Innovative Metal 3D Printer Voyages to International Space Station


French manufacturer AddUp, together with Airbus, has delivered the inaugural metal 3D printer for use in space to the European Space Agency (ESA). This printer was dispatched on NASA’s Mission NG-20, intended for the International Space Station (ISS) aboard a SpaceX Falcon 9 rocket. Specifically designed to work in microgravity, the printer will be instrumental in the Huginn mission of ESA astronaut and Falcon 9 pilot, Andreas Mogensen, which will involve 3D printing in space on the Columbus European Science Module.

Worked on by AddUp and Airbus since 2016, alongside Cranfield University and aerospace contractor Highftech Engineering, the printer is a wire directed energy deposition (DED) system. It features a cartridge for wire storage, while controlling heat and particle emission and accommodating for motion. Expected to start operations as soon as next month, this printer signifies a major progression in metal 3D printing for space applications.

Past pursuits in metal 3D printing for space have centered on methods like electron beam melting for the repair of spare parts. This new printer epitomizes a necessary technological leap, especially as space missions become lengthier, more expensive, and more pivotal. The capacity to not just replace damaged parts but also craft impromptu components for unexpected emergencies or upgrades is a groundbreaking development. In the past, numerous space mishaps have been evaded due to crew resourcefulness and impromptu fixes. The implementation of 3D printing in space paves the way for more tailored and efficacious solutions.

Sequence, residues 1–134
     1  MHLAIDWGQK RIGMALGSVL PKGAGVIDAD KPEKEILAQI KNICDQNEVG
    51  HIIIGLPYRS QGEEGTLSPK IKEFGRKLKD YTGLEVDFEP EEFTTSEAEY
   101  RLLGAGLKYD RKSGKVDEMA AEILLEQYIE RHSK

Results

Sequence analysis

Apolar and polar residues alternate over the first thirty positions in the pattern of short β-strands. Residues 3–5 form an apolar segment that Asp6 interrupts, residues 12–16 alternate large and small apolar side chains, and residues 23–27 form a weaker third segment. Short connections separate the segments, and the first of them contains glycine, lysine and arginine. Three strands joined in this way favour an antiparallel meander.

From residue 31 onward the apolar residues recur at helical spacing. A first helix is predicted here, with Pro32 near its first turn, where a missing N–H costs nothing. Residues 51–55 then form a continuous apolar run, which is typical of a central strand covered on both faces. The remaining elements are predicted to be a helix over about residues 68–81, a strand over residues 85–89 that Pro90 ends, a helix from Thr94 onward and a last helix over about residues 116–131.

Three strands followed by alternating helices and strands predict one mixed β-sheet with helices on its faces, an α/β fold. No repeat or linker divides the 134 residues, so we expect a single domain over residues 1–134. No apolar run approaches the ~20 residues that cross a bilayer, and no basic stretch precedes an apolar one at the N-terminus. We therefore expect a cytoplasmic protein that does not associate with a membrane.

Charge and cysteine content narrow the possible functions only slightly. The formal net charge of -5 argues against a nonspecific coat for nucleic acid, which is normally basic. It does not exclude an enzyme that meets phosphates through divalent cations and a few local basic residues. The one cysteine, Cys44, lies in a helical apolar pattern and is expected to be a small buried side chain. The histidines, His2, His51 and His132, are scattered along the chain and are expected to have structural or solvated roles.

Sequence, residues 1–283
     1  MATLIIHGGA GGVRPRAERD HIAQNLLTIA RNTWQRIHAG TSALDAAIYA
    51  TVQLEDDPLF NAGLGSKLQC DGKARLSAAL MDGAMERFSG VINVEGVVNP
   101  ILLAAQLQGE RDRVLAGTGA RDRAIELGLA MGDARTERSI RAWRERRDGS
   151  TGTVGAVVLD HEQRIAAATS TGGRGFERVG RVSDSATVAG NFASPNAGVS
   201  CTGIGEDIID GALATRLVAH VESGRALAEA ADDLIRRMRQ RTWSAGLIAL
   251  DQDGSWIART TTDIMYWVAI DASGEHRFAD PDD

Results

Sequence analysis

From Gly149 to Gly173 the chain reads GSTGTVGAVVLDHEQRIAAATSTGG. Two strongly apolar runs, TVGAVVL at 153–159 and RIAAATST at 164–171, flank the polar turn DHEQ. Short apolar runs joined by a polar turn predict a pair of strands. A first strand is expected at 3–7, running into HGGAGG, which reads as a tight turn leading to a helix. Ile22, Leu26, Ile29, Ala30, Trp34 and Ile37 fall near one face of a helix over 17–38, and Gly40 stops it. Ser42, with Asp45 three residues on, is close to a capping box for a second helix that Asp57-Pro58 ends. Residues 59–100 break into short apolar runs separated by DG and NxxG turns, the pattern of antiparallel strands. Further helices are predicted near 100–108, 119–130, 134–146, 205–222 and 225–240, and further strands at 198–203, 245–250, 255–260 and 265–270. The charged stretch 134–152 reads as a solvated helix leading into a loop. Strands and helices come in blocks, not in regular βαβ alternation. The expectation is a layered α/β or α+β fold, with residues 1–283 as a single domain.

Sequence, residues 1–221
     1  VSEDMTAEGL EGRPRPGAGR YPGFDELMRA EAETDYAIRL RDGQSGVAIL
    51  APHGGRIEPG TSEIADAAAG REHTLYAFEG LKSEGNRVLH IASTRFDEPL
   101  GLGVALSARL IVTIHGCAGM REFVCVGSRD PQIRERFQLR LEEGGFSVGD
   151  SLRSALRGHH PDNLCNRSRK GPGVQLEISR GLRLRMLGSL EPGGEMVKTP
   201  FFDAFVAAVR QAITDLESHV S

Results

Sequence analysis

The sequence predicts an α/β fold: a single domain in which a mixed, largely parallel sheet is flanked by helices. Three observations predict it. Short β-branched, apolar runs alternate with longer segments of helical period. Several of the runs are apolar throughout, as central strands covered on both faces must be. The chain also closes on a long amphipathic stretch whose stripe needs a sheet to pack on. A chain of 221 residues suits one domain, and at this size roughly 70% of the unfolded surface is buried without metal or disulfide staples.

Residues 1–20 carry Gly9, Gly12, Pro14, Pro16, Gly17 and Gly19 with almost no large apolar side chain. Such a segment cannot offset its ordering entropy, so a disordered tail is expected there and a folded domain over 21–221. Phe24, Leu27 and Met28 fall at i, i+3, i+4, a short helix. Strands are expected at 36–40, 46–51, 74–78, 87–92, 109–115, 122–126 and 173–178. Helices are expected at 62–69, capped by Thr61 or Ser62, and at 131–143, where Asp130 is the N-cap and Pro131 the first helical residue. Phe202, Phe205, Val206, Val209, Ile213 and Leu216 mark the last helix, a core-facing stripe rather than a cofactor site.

3D printing will be an indispensable tool if humans aspire to colonize other planets, perform mining in space, generate energy in orbit, and maintain thousands of satellites. Its contribution to cutting down cargo needed for missions, reusing potential waste, recycling metals on board, and manufacturing vital items as needed is immeasurable. This technology greatly boosts mission efficacy by creating parts on the spot and in real time, a much faster option than deploying new supply missions, which could be critical to saving lives and prolonging the duration of missions.

The prospect of future missions to Mars necessitate the use of 3D printed solutions to manage unforeseeable disasters. Despite advances in space exploration, equipment failures and physical and psychological stressors present substantial challenges. It is important to remember that 15 astronauts have died out of the 676 who have travelled into space, many of whom have embarked on multiple, lengthy missions.

“The Metal 3D printer was developed leveraging the multidisciplinary expertise of AddUp’s engineers and researchers. Our team possesses expertise in various additive manufacturing processes, machine design, optimization of programming and operations, and have contributed to the development of this pioneering space metal 3D printer which will soon be deployed in orbit. The metal 3D printer has been designed and optimized with the International Space Station’s conditions and environment in mind. AddUp was selected for this project due to our longstanding partnership that is steeped in exploration and innovation,” remarked AddUp Technical Director Sébastien Devroe.